40  years,  and  the  jobs  and  livelihoods  dependent  on  them;  
b. provide  regulatory  flexibility  where  it  matters  most  for  the  UK’s  services-­‐based  economy,  and  
where  the  potential  trading  opportunities  outside  of  the  EU  are  the  largest,  recognising  that  the  
UK   and   the   EU   will   not   have   current   levels   of   access   to   each   other’s   markets   –   with  

arrangements  on  financial  services  that  preserve  the  mutual  benefits  of  integrated  markets  and  
protect  financial  stability,  noting  that  these  could  not  replicate  the  EU’s  passporting  regimes;  
c. enable   the   Government’s   commitments   to   Northern   Ireland   to   be   met   through   the   future  
relationship,   avoiding   the   need   for   a   border   between   Northern   Ireland   and   Ireland,   or   within  
the  UK;  
d. mean   that   the   UK   will   leave   the   Common   Agricultural   Policy   and   Common   Fisheries   Policy   –  
taking   back   control   of   UK   waters   as   an   independent   coastal   state   and   designing   a   domestic  
agricultural  policy  that  works  in  the  best  interests  of  the  UK;    
e. deliver  an  independent  trade  policy  –  the  UK  would  have  its  own  seat  at  the  WTO,  be  able  to  
set   tariffs   for   our   trade   with   the   rest   of   the   world,   and   have   the   ability   to   secure   trade   deals  
with   other   countries   –   including   potentially   seeking   accession   to   the   Comprehensive   and  
Progressive  Agreement  for  Trans-­‐Pacific  Partnership;  

f. ensure   that   in   the   future   all   laws   in   the   UK   would   be   legislated   for   by   Parliament   and   the  
Devolved  Administrations  and  subject  to  proper  oversight  and  scrutiny,  recognising  that  where  
the   UK   had   chosen   to   apply   a   common   rulebook   Parliament   would   still   have   a   lock   on  
incorporating   rules   into   the   UK   legal   order,   but   choosing   not   to   pass   the   relevant   legislation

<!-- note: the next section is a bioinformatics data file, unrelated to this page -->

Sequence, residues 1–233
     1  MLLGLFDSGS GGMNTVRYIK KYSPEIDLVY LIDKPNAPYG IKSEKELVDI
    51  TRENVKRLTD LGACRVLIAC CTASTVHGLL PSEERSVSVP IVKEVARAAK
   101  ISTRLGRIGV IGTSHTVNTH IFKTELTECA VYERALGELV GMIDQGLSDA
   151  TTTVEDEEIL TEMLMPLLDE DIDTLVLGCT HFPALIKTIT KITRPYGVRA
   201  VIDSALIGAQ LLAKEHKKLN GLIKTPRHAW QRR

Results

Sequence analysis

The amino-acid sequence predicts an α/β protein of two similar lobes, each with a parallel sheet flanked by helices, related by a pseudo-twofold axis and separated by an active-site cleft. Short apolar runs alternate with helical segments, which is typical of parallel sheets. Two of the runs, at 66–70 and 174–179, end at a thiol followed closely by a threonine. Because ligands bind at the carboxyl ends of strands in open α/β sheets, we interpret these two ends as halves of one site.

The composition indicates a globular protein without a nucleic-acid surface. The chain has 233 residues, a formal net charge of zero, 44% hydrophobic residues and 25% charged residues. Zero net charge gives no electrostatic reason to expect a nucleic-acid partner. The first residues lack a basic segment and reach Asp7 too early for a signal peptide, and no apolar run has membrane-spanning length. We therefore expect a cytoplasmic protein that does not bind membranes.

would  lead  to  consequences  for  market  access,  security  cooperation  or  the  frictionless  border;  
g. restore  the  supremacy  of  UK  courts,  ending  the  jurisdiction  of  the  CJEU  in  the  UK,  with  no  more  
preliminary   references   from   UK   courts,   but   committing   that   UK   courts   would   pay   due   regard  to  
the   CJEU’s   jurisprudence   where   the   UK   had   chosen   to   apply   a   common   rulebook   to   ensure  
consistent  interpretation;  
h. end  free  movement,  giving  the  UK  back  control  over  how  many  people  enter  the  country;  
i. include  a  mobility  framework  so  that  UK  and  EU  citizens  can  continue  to  travel  to  each  other’s  
territories,   and   apply   for   study   and   work   –   similar   to   what   the   UK   may   offer   other   close   trading  
partners  in  the  future;  
j. end  vast  annual  payments  to  the  EU  budget,  with  appropriate  contributions  for  joint  action  in  
specific   areas,   such   as   science   and   innovation,   releasing   funds   for   domestic   priorities   –   in  
particular  our  long-­‐term  plan  for  the  NHS;  and  
k. maintain   operational   capabilities   on   internal   security,   and   ensure   that   the   UK   has   an  
independent  foreign  policy,  with  suitable  arrangements  to  work  with  the  EU  as  required.  

7.   It  remains  our  firm  view  that  it  is  in  the  best  interests  of  both  sides  to  reach  agreement  on  a  
good   and   sustainable   future   relationship.   But   we   also   concluded   that   it   was   responsible   to   continue  
preparations   for   a   range   of   potential   outcomes,   including   the   possibility   of   ‘no   deal’.   Given   the   short  
period   remaining   before   the   necessary   conclusion   of   negotiations   this   autumn,   we   agreed   preparations  
should  be  stepped  up.  

Chequers  |  6  July  2018